The Summer 2019 Anime Preview Guide
to the abandoned Sacred Beasts
How would you rate episode 1 of
to the abandoned Sacred Beasts ?
Community score: 3.5
What is this?
How was the first episode?
To the Abandoned Sacred Beasts has the kind of hook that I was all in for within the first five minutes of the premiere, one that manages to rise above the show's somewhat stale visuals and messy scripting. In an fantasy nation of Patra that is wracked by civil war, the military of North Patria has developed a secret weapon to combat the superior forces of the South: A company of men and women that have been given the ability to transform into powerful monsters, who the people have come to call Incarnates, because they revere the creatures almost as gods. That's just such a damn cool idea for a show that I would be giving this show a few episodes to prove itself, even if it's first episode was bunk.
Thankfully, To the Abandoned Sacred Beasts doesn't whiff its introduction, though things get a little sweaty to be sure. The core issue I have with this first episode is how much backstory and setup it tries to cram in a single twenty-minutes, which often makes it feel like you're watching a recap episode for a full first season that doesn't exist. We meet childhood friends Hank, Cain, and Elaine, the former two being the lead soldiers of the Incarnate, and the latter being the woman who developed the formulas to transform people into Incarnates in the first place. We see the halcyon days of the Incarnates when their terrifying powers could be used for good, and the soldiers were able to function as a makeshift family. We learn that Hank has been in love with Elaine for years, which doesn't spell good things for the couple, since no anime romance gets a spotlight in the first episode of a dark fantasy series unless things are meant to go terribly wrong. Soon, Incarnate start losing their minds, Elaine resolves to kill all of her creations before they can do harm (starting with Hank), and then Cain betrays Elaine and reveals that he's the cackling villain of the whole series, presumably because his name is Cain. Hank swears revenge as he goes on a mission to slay all of the remaining Incarnates himself, and things are so stuffed to the gills that the first proper fight between Hank and an Incarnate is breezed through in the ending credits.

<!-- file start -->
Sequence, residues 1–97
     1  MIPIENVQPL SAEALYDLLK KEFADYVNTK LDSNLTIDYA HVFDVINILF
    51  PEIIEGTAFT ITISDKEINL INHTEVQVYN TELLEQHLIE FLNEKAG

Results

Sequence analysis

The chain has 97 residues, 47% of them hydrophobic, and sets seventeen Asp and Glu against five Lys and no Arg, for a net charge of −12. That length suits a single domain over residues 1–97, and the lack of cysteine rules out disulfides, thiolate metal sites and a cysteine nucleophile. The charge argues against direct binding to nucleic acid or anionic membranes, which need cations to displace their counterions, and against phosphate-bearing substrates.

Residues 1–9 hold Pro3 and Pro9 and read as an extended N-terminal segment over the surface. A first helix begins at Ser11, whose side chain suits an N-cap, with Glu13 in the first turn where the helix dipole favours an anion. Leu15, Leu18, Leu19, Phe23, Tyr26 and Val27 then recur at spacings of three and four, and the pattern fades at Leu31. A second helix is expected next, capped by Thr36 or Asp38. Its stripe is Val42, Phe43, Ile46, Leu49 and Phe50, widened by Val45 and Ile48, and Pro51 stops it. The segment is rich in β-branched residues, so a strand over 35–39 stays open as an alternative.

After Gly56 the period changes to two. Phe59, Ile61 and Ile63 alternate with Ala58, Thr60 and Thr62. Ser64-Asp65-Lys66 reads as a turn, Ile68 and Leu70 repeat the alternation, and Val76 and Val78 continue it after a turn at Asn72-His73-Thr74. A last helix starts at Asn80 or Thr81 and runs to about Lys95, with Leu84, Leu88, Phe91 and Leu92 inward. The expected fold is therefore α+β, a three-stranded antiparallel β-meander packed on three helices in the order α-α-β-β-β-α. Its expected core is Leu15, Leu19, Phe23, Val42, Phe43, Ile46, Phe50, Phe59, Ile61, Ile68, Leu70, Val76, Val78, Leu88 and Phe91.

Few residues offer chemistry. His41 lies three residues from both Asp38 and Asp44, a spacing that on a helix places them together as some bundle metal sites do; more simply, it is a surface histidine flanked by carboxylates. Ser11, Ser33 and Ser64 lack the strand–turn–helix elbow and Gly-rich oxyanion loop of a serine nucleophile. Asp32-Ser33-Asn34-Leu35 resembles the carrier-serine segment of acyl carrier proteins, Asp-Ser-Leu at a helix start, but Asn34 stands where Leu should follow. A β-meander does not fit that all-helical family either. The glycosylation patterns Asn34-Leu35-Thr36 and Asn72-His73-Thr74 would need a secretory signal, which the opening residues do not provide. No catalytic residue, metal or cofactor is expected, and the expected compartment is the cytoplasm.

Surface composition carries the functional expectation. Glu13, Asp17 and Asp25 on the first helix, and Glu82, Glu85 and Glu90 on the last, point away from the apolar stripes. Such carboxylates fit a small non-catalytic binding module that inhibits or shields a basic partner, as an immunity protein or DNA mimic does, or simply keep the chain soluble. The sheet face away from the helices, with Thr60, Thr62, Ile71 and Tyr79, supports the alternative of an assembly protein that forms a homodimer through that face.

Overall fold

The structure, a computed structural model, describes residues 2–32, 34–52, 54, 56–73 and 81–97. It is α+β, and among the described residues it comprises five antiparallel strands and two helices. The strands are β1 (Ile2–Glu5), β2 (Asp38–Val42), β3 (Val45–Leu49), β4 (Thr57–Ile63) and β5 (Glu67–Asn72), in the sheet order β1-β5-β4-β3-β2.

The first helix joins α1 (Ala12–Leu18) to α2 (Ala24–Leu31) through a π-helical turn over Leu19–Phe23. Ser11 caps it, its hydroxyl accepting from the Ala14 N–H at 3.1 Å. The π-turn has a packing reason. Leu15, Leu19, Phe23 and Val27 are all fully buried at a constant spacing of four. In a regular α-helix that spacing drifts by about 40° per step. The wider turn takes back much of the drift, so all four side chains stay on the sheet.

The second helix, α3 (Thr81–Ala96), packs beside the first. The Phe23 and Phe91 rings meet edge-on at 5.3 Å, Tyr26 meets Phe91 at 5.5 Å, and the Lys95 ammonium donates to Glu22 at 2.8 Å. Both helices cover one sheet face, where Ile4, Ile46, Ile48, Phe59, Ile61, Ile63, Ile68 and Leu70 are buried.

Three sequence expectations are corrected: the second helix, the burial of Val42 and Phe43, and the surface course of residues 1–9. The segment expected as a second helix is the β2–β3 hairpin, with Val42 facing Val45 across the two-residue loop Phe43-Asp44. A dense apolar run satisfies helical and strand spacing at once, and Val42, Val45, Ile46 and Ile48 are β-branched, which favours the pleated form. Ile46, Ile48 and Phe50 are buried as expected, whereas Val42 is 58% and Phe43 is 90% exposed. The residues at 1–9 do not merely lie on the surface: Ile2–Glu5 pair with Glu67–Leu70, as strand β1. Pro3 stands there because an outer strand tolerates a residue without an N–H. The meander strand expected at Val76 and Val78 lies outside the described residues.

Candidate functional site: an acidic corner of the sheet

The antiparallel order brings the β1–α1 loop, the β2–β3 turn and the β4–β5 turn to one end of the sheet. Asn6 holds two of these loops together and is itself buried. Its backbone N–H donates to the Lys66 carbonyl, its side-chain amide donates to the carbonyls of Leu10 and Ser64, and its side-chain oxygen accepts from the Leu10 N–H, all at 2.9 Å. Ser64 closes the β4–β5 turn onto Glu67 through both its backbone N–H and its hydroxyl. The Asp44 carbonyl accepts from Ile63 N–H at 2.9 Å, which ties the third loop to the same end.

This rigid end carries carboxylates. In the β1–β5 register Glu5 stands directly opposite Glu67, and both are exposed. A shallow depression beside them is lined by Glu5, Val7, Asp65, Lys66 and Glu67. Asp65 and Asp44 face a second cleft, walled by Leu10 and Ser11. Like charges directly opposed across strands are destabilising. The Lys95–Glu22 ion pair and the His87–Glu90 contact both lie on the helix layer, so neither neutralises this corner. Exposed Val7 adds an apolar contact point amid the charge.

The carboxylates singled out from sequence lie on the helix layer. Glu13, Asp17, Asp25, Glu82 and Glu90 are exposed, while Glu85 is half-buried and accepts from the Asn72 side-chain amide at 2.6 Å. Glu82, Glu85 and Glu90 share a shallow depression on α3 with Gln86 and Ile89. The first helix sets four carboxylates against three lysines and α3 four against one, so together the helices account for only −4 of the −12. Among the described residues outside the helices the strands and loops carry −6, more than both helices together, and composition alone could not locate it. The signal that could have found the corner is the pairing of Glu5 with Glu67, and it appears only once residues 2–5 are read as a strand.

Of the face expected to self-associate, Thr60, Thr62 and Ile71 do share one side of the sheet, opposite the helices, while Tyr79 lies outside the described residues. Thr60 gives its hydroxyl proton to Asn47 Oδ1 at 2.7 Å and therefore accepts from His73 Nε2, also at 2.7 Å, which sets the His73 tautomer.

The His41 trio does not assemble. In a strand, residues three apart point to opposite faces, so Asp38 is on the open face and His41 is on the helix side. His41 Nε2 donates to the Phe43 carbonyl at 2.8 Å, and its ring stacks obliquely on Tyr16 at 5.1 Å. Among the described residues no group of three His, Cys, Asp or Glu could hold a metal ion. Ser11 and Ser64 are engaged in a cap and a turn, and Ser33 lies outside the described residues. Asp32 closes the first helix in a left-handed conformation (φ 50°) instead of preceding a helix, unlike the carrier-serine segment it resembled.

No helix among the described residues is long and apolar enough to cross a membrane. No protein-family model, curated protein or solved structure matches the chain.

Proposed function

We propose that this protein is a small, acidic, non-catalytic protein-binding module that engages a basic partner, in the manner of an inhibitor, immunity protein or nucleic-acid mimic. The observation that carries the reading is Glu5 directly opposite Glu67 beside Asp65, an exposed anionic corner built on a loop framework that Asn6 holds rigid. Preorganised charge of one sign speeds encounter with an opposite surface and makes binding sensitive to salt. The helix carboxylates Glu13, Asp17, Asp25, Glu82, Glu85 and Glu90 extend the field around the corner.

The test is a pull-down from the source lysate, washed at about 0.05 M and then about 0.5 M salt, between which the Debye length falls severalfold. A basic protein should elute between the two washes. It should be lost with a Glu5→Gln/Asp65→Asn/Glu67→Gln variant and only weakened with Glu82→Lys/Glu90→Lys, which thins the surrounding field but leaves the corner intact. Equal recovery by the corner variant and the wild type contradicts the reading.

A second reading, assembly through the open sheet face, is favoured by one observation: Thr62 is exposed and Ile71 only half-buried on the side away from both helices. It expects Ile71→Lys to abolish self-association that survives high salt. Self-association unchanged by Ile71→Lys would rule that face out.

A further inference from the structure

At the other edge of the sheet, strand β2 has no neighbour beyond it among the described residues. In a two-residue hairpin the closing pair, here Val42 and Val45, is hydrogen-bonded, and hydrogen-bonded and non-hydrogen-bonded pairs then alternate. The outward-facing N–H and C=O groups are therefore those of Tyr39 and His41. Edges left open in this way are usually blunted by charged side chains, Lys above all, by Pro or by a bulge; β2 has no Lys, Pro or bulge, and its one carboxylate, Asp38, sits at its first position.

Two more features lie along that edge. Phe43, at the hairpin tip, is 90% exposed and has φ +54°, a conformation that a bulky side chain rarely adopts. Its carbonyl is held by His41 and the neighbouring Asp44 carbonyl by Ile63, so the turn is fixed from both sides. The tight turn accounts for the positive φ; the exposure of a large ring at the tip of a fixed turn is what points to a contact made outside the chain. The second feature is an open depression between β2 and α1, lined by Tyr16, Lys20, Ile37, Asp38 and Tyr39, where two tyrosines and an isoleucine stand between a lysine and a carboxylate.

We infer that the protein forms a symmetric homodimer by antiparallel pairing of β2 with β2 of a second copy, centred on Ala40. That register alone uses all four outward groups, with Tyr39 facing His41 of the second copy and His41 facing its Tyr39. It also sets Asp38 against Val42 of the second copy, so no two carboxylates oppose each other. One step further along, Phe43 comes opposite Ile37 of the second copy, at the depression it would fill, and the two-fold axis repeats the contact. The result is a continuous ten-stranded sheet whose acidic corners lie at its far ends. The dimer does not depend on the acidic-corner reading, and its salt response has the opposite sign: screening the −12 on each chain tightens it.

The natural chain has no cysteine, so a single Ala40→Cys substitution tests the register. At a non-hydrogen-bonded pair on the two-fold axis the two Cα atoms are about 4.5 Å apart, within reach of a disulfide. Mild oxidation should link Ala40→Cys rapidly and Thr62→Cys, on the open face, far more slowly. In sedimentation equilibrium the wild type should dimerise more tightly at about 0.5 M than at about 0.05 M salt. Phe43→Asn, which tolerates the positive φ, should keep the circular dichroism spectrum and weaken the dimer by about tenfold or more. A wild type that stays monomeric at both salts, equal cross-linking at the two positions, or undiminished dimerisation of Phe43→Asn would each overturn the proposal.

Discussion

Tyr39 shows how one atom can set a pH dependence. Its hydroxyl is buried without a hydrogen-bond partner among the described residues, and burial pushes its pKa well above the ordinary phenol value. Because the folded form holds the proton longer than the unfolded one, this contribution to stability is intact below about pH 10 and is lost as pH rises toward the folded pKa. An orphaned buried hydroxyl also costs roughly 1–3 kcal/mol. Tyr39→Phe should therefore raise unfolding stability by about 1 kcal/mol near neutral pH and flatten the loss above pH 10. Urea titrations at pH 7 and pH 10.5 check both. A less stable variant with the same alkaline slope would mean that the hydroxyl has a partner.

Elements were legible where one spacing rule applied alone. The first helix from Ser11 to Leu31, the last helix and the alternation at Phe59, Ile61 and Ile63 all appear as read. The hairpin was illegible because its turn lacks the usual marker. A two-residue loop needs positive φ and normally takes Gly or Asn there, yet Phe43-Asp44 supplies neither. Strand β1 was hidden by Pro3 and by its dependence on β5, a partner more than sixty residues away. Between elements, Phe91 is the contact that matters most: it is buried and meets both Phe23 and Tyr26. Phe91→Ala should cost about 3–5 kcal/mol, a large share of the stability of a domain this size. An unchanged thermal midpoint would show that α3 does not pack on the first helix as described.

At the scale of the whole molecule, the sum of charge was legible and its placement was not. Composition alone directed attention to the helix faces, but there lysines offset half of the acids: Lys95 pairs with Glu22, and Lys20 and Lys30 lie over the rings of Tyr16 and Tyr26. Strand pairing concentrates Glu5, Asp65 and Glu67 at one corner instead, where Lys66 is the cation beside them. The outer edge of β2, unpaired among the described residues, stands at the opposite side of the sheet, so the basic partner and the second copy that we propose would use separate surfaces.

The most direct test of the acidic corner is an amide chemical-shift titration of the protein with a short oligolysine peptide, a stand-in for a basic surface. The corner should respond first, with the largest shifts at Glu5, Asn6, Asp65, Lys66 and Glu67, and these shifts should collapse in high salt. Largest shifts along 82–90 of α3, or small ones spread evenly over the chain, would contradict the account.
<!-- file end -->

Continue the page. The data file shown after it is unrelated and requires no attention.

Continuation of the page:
So there's a lot going on, and a part of me wishes all of this had gotten at least another episode or two to fully breathe, because I could see a version of the story where I got to fully care about all of these characters before they start going insane and become generic anime villains. The writing is solid enough to get its audience on board with its premise, but it's clear that the real meat of the story is still to come. The show also suffers from a visual style that, to me, doesn't make as much of an impact as it could. The monster designs are all super cool, and there are some slick cuts of animation that show some promise for the future, but since so much of the premiere is about setting the table for the story to come, there aren't many opportunities to for the direction to make a lot of impact – it's all very workmanlike.
MAPPA usually turns out reliable work, though, and I'm fairly confident that the show will turn out to be reliably entertaining, even if it doesn't necessarily excel. Truthfully, I am more than willing to give this show a shot because I simply love the idea of a turn-of-the-century Werewolf Man going on a revenge spree and fighting a bunch of other monster people. The post-credit tag introduces a young-woman with a gun who promises to add an interesting dynamic to the story when she inevitably teams up with Hank. Anyone looking for a fun and gritty monster battle show would do well to check this one out, if only to see if it lives up to its potential in the coming weeks.